Several shipborne laser combat systems are being developed, which the US Navy plans to use to destroy light surface ships, cruise missiles, unmanned aerial vehicles, helicopters, and light aircraft. It is assumed that laser weapons will become a cheaper alternative to traditional artillery and missile ship systems due to the lower cost.
Recently, researchers from Naval Surface Warfare Center, Port Hueneme Division (NSWC PHD) took an idea to use drones to test and evaluate ships’ new laser weapons a step further by successfully launching and landing one from a moving ship.
During the tests, researchers made a quadcopter take off, hover, and fly alongside the ship’s side from a few miles off the Port Hueneme coast. It then landed from a stationary and moving ship. The software is specially designed so Autonomous Aerial Vehicles (UAV) correctly maneuver and operate independently from ships and other moving platforms that heave and roll amid high winds and tight spaces, so a pilot is not needed.
The unmanned vehicle, created for testing laser weapons, was developed by the San Diego, Calif.-based Planck Aerosystems. The 55-pound (25 kg) quadcopter measured about 50 inches from mid-propeller to mid-propeller was larger and heavier than the drones they previously tested. It is fitted with an ID tag, navigation system, and a payload the same as what will eventually be used in the test with USS Portland on the nearby Point Mugu Sea Test Range in upcoming months.
The drone rose straight up from the ship through several tests, then flew in a straight line over the water to hover about 75 meters off the port side. In the first test, the ship was stationary, and the UAV hovered over the water for several minutes before smoothly returning to the same spot. In the next tests, the drone performed those maneuvers while the ship was moving at first 5 and then 10 knots, and the UAV flew steadily forward in a straight line while keeping pace with the ship. It hovered over a target that resembled three QR codes laid on the ship’s floor when it returned to the ship.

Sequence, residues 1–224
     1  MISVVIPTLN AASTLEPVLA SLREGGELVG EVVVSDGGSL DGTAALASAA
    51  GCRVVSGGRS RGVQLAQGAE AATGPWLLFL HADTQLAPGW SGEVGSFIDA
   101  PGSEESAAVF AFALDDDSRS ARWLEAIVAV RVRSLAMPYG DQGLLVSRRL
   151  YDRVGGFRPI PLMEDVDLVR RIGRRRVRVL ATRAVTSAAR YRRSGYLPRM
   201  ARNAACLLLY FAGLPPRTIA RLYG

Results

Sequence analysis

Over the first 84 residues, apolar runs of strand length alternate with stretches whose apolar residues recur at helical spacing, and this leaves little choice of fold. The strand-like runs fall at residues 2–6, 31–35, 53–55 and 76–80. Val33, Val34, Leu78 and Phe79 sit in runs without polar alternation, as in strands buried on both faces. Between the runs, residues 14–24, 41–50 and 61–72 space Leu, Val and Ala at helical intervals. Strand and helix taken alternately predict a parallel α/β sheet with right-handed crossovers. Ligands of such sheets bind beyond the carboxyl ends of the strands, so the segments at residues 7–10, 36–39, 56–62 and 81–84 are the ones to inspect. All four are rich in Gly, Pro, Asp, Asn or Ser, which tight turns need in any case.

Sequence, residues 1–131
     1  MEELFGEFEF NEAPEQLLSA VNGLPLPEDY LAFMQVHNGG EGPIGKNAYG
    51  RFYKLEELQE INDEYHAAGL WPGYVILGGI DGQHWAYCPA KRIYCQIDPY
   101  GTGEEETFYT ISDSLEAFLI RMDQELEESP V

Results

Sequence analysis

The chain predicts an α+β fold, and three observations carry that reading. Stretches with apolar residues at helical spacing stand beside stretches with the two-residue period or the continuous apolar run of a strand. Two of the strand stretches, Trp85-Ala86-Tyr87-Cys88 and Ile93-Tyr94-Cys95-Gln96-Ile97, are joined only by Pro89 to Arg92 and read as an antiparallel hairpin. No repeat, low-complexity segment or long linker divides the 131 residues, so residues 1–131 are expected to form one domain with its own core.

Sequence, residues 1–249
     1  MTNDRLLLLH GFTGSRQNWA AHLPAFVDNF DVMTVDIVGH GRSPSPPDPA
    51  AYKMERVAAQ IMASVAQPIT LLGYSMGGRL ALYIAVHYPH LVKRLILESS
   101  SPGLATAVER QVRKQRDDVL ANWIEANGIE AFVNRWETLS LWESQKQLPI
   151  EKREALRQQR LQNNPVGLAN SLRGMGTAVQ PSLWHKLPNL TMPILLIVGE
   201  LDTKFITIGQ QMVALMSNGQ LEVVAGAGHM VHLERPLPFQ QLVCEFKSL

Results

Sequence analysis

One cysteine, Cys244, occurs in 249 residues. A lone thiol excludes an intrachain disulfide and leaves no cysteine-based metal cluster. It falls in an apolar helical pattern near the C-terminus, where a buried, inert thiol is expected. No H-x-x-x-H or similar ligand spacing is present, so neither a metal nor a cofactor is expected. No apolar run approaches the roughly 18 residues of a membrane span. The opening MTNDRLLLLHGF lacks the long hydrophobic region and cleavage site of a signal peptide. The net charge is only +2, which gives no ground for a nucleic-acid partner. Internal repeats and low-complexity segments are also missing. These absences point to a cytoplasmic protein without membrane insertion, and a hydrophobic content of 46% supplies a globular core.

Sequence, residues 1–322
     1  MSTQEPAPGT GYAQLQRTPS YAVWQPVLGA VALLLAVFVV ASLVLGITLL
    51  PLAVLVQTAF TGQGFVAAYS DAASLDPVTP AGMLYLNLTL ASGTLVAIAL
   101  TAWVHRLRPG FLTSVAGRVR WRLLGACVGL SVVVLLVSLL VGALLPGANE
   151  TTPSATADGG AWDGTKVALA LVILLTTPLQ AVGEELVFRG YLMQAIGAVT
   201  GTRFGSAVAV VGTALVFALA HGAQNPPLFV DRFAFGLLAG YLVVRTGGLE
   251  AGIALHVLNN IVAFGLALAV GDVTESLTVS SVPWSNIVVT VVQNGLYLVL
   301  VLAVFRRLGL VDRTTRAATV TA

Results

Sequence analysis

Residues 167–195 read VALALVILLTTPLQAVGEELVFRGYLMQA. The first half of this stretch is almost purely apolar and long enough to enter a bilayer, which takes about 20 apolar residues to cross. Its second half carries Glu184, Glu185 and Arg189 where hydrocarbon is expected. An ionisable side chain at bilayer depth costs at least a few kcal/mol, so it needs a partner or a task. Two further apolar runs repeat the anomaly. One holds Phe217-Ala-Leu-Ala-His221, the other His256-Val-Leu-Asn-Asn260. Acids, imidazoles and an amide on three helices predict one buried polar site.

“It kept a very nice pace, and it did a really good job staying above the landing tag (QR codes),” said Ian Wilson, cybersecurity researcher. “We had a gust of wind right before (one of the) landings, but we were able to stabilize and land, which is the hardest part.”
At the time of testing, the quadrocopter was equipped with a mass-dimensional model of the system for evaluating the parameters of laser weapons. A completely digital system will be used to assess the combat laser’s various parameters, including targeting accuracy and power.
Despite windy conditions, the drone stayed steady, and Jaeger did not have to take control. Next, the team plans to develop a test plan objectives for an actual test with Portland on the Point Mugu test range.